In last week’s blog post I gave you the history on my little yellow VW. If you haven’t read it yet I’d suggest that you do so now before reading this post, but if not here’s the gist of it:

This week I’ll tell you how the story ended, where the Karmann Ghia is today, and why that has something to do with the fact that now exists.

Dad, me, baby Noelle (our youngest), and the Ghia.

When the story ended last I had just said my goodbye’s to the Ghia at a used car dealership and was following my dad’s new-to-us Buick home on my bike. It was the worst bike ride of my life and taught me that crying and bicycle riding are tough to do at the same time. That night I couldn’t get through any homework and spent most of my night crying in my room. There were a billion reasons for my sadness, but in the end the two big ones became obvious. First, my dad and I’s little “time together” machine was now gone and I loved spending time with my dad (as all kids do). Second, I was naive about the world, but I wasn’t stupid; I knew that a little rusty VW was destined for the junk yard sooner than later, and I was certain that it would be terrified there until time or the crusher killed it. My little car was going to die alone, wondering where I was.

The next morning I dressed for school, fumbled my way to the bus stop, and made sure to sit on the driver’s side of the bus. My school bus route drove directly past the dealership where the Ghia was and I was hoping to catch a glimpse of it. As the bus headed up Mt. Vernon Rd I glued myself to the window, and what I saw somehow sank my heart from low to lower. The Ghia was sitting front and center on the lot, the prized possession, and written in the windshield with shoe polish was the phrase “LOOK!”. It may have even had a stupid ribbon on it a well. Either way, it genuinely crushed me further, and every single one of my buddies treated me like friends that come to a funeral visitation, trying to offer support, but just a little bit thankful that the situation wasn’t on their plate.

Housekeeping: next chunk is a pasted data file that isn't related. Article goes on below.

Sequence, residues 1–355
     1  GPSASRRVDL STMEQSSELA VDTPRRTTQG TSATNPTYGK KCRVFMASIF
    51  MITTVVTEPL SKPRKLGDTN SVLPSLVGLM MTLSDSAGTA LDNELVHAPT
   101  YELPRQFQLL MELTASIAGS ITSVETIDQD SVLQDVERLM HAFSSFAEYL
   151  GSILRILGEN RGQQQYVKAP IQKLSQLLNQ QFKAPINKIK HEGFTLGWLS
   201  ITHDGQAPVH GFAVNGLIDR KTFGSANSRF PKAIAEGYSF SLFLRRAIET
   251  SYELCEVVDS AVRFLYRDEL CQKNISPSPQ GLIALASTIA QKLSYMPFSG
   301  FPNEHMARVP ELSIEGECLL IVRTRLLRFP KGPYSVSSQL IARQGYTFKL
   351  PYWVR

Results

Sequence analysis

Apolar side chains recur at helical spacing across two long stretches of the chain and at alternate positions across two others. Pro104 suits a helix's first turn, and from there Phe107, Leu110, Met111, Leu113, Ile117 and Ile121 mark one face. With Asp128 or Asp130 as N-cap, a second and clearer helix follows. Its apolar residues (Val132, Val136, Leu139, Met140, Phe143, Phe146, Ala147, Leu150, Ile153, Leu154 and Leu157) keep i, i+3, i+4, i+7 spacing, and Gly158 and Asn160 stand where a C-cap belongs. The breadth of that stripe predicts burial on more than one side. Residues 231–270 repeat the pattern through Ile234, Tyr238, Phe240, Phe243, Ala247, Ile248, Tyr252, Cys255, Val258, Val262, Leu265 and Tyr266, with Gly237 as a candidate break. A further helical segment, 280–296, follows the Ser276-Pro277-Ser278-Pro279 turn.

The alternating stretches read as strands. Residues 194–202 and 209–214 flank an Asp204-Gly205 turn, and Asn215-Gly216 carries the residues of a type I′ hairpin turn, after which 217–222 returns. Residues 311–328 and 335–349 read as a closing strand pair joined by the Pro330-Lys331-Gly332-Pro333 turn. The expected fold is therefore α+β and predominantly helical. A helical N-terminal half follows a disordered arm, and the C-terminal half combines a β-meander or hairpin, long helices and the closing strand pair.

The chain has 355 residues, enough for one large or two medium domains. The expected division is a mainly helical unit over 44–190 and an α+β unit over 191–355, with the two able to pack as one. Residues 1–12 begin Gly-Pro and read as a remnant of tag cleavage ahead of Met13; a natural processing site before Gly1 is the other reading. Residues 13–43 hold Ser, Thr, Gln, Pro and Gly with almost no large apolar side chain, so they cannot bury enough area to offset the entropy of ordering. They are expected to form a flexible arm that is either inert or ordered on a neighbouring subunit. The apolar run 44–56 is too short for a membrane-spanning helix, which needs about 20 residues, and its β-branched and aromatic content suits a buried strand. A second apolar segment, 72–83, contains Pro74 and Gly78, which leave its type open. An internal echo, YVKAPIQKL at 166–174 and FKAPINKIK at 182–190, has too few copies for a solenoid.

Loaded up and ready to move home!

The school day was a blur. I think I may have gone to band class in the morning, and I don’t remember eating at lunch, but it could have been all blurred out by the event that occurred when I stepped off of the school bus later that day. You see, as low as I thought I was, and as sorry as I had been feeling for myself, it was all about to be completely reversed and would change the kind of man, husband, and dad I would become.  The school bus came to a stop at the corner of 34th and Bel Air Dr to drop me off and I stepped out, head still hung low. I started to walk, looked up to see where I was going, then saw that down the street, with it’s front wheels turned to the right, sitting in the same spot it always had in front of our house……..was a little yellow Ghia.

What I’ll describe next all happened in the process of about 30 seconds, but I can still remember every inch of it today. When I saw the car I took off in a dead run for it and actually beat the school bus to my house. While I was running I was studying the car to make sure that it really was mine, trying to come to grips with the facts of the situation and not trip and break my leg. In the back window I saw a U.S. Marines sticker, something that had been there when we bought it. Good. The rust looked like it was all in the right spots. More good. It didn’t have license plates, but it shouldn’t have anyway. It was all adding up, but I’d know for sure when I got there and could look inside of it. I made it to the passenger window, dropped my bag, and scavenged the interior with my eyes confirming that every rip in the seats, dash, and shifter boot was in the right place – and it was. This was my Ghia.

Noelle and Laura, prior to departure. An understanding wife is key when bringing home rusty cars.

Somewhere around that time I looked up to see the school bus finally rumbling by, and in the back a window went down. My buddies, believing I had duped them all into feeling sorry for me all day, saw the car – and were ticked. I can still remember Craig Zachmann yelling, “Robert, YOU’RE A LIAR!” at the top of his lungs. I didn’t yell anything back; I was too stunned. I also figured that I could fix the situation with Craig and my buddies later.